“It’s about psychological safety – knowing that I’m safe and therefore can do my job and teach and have peace of mind,” Abetya explained. “So, we’re trying to use [testing] as a way to work with our constituents and teachers and say, ‘Is there a possible way to bring back our special needs, our most vulnerable students back?’ ”

If Abetya is able to bring those students back, the Collaborative will help arrange coronavirus testing for them and their teachers by working with the state’s “Stop the Spread” initiative, which offers free testing in Chelsea.

Boehm said the laboratories running coronavirus tests for the Collaborative are doing it on a not-for-profit basis. Each district designed its own testing pilot program, and they vary slightly. Some, like Watertown, are testing teachers and staff that are in-person weekly, while others are testing staff weekly and giving students a “one time” back-to-school test when they first return to in-person learning.

All of the districts are providing testing for any student or staff member with symptoms of COVID-19. But there still isn’t enough funding for the districts to regularly test their entire staff and student populations.

That means there’s a chance an outbreak could start to form in a school without being immediately caught by the tests, said Dr. Michael Mina, an epidemiologist at Harvard University who isn’t involved with the Collaborative. The only sure way to catch outbreaks and stop them in their tracks is with widespread testing as frequent as every week or multiple times a week, he said.

“Without high-frequency testing, you’re really just kind of keeping a pulse,” Mina said.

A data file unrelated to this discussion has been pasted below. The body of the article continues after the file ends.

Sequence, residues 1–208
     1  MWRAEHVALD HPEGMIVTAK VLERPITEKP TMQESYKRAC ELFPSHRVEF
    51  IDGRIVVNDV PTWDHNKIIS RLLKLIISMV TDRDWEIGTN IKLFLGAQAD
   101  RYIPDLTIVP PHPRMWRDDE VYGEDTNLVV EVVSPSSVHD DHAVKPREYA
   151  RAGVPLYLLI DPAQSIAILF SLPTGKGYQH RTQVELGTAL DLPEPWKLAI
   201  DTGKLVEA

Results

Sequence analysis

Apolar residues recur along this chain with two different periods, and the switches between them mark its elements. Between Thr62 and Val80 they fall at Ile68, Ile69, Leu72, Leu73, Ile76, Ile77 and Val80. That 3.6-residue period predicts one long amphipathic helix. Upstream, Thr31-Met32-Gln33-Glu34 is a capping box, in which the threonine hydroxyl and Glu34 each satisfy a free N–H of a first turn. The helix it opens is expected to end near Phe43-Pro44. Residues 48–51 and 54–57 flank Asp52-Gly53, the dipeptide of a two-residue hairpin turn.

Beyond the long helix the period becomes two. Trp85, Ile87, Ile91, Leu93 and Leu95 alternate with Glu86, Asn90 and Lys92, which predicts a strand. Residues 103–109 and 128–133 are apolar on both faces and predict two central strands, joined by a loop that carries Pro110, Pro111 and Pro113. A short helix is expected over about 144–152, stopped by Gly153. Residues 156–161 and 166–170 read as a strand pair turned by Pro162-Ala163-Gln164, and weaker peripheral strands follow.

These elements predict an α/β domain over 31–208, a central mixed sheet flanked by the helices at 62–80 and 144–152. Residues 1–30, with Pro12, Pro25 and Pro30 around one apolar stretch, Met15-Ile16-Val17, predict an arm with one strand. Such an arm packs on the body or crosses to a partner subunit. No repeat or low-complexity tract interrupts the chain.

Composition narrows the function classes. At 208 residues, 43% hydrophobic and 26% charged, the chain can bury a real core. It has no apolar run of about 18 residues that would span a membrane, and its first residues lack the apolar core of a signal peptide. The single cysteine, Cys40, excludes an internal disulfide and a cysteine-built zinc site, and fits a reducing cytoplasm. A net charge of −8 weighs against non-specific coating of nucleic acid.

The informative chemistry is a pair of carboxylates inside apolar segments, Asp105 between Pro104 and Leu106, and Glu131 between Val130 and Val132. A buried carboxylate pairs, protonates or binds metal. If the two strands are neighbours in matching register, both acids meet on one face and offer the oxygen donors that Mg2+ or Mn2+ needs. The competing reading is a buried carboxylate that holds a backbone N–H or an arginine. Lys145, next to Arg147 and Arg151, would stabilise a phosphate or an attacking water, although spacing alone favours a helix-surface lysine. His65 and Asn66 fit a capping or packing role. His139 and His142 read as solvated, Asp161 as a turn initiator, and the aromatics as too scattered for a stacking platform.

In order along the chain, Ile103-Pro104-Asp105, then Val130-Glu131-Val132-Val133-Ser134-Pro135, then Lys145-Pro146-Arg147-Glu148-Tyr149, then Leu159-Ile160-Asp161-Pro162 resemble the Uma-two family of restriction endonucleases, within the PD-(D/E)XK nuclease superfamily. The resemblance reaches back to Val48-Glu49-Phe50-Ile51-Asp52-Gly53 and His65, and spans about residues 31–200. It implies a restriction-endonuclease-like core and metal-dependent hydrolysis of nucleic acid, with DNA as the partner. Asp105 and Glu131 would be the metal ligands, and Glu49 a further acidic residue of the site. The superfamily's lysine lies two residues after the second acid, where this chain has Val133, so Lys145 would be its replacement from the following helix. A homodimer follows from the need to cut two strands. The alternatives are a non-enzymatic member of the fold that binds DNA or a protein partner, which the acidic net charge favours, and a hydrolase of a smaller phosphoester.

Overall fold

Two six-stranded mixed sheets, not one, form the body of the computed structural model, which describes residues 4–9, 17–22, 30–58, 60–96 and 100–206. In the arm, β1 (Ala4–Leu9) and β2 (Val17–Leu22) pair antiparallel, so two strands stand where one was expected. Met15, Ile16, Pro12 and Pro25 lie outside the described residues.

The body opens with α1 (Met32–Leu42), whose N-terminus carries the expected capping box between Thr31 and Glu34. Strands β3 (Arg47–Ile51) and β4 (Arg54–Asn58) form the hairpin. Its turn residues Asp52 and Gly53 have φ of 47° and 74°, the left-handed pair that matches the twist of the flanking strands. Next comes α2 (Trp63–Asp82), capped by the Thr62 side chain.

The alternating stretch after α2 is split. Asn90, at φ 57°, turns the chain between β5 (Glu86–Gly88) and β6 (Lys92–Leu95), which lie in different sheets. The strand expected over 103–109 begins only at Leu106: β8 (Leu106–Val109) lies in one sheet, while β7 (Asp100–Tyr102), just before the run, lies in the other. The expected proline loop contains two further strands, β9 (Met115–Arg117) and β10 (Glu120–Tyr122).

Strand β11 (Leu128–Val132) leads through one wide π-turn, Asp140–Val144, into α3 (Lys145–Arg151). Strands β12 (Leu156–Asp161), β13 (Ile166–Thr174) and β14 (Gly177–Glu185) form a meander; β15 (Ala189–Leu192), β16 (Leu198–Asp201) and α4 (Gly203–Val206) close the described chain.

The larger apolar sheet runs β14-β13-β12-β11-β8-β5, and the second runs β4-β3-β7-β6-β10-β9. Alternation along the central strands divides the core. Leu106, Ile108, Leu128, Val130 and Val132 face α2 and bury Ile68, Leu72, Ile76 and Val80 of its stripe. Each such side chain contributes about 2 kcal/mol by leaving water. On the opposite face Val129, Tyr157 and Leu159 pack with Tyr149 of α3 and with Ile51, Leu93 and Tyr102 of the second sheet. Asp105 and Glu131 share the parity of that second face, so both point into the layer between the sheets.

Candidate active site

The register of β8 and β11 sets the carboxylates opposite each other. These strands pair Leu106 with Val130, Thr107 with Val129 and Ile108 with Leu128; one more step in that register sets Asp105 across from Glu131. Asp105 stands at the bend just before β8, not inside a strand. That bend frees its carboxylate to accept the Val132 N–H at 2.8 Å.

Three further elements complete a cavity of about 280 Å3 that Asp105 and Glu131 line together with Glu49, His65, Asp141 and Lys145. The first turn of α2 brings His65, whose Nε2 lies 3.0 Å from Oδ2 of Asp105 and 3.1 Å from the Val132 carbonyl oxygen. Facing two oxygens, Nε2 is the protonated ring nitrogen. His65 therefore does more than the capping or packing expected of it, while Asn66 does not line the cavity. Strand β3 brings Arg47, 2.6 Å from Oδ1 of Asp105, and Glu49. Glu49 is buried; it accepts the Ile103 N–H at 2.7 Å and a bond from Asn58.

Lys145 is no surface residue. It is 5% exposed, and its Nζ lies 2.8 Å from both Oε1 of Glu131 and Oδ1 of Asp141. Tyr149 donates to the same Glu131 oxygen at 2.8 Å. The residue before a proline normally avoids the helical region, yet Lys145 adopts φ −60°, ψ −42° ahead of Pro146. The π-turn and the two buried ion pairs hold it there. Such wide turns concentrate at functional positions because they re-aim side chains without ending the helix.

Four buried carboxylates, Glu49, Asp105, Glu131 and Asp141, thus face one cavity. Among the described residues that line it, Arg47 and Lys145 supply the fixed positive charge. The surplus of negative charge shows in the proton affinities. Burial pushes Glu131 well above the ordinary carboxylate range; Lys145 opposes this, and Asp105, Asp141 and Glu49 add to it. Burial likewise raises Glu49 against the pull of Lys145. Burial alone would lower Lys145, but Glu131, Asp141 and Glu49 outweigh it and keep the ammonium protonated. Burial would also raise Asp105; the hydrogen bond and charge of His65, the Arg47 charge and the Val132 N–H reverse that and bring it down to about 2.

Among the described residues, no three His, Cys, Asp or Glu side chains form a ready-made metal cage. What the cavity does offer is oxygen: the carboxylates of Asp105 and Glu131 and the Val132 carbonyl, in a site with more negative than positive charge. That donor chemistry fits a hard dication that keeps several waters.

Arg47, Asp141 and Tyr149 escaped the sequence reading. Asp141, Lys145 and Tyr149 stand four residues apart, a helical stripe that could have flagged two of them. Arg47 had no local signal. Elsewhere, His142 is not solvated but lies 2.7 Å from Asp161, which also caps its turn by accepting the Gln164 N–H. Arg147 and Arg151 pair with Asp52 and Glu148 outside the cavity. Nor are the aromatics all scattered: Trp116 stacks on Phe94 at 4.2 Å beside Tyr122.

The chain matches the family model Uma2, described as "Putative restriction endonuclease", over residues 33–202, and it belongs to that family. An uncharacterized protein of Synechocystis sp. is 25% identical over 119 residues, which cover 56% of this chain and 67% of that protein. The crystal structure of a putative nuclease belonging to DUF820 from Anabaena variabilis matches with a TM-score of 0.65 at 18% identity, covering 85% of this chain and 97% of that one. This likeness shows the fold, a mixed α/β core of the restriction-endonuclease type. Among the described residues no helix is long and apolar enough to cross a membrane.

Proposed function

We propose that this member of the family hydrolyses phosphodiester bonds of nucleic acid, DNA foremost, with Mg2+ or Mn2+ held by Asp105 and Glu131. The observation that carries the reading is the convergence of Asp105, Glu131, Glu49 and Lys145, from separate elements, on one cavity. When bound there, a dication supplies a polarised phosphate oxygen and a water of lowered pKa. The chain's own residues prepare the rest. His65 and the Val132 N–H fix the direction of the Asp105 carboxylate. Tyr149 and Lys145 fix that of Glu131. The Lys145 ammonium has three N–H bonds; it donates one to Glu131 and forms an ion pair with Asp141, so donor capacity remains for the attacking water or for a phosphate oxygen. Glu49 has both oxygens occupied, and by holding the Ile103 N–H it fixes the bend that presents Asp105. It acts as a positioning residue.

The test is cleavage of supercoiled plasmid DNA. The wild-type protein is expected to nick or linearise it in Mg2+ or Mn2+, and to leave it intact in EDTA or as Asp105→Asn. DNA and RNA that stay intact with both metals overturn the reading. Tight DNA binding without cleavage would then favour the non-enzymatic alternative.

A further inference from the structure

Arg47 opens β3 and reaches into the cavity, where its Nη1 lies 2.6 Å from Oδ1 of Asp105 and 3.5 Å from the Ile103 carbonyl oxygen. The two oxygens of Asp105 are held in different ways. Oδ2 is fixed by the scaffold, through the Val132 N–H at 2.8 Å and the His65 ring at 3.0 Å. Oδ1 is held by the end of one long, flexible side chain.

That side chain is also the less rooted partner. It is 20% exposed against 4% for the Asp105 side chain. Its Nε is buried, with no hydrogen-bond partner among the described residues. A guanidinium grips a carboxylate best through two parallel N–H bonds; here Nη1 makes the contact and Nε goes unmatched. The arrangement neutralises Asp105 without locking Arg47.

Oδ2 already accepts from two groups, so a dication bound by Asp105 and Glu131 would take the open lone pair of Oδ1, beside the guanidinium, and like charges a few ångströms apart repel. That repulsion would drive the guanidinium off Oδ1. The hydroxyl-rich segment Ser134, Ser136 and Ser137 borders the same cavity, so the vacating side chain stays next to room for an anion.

That can be good during what Mina refers to as “peacetime,” meaning when coronavirus infection rates are low. It might allow school districts to conserve precious resources when there aren’t a lot of cases.

“But when you get into a school system, you’ll want to actually stop the outbreaks from happening, not just keep a pulse on it,” Mina said. “What I would like to see is a dynamic approach where if cases start to arise in school and if an outbreak happens, we have a way to quickly jump in with accelerated testing.”

Gov. Baker does have a rapid testing program planned for public schools that experience outbreaks. One of the criteria that would trigger the program is having two or more students or staff in a single classroom or school bus route test positive for the coronavirus.

The Collaborative’s Boehm agreed that limited testing might not catch every outbreak early on, but he said even some testing will help lower COVID-19 risks in schools. And he’s hopeful more funds will eventually become available. Boehm said in recent meetings with Secretary of Health and Human Services Marylou Sudders, the Collaborative has discussed becoming a state-sponsored program. That endorsement, he hopes, could lead to more resources. Gov. Baker’s administration did comment in time for publication of this article.

In the meantime, the Collaborative is a start for its participating districts, which include Chelsea, Wellesley, Revere and Somerville. In Watertown, after teaching assistant Amanda Swinchoski had finished taking her first coronavirus test, she said a negative result would let her know that all the basic COVID-19 precautions she’s been taking in her classroom are working.

“We have come kind of a complete circle, that we’ve closed the loop,” she said. “Otherwise, it’s sort of an unknown. So, it does give you more confidence that everybody is safe.”

Having weekly testing also gives educators some personal assurance too, added Lauren Kale, an elementary school teacher who works with Swinchoski. Having received a recent negative test result herself – along with learning that everyone else had also tested negative in the last week – let her know that she wasn’t bringing the coronavirus back home to her family.

“I just want them safe as well, so having these results would help me feel more comfortable seeing them or having them come to me visiting. And I can still feel comfortable going in my classroom,” Kale said.

And, so far, none of the educators in Watertown have tested positive for the coronavirus. If the Collaborative is able to raise more funds, the districts hope to extend the testing beyond the pilot program’s initial three months and expand it to include as many students as possible.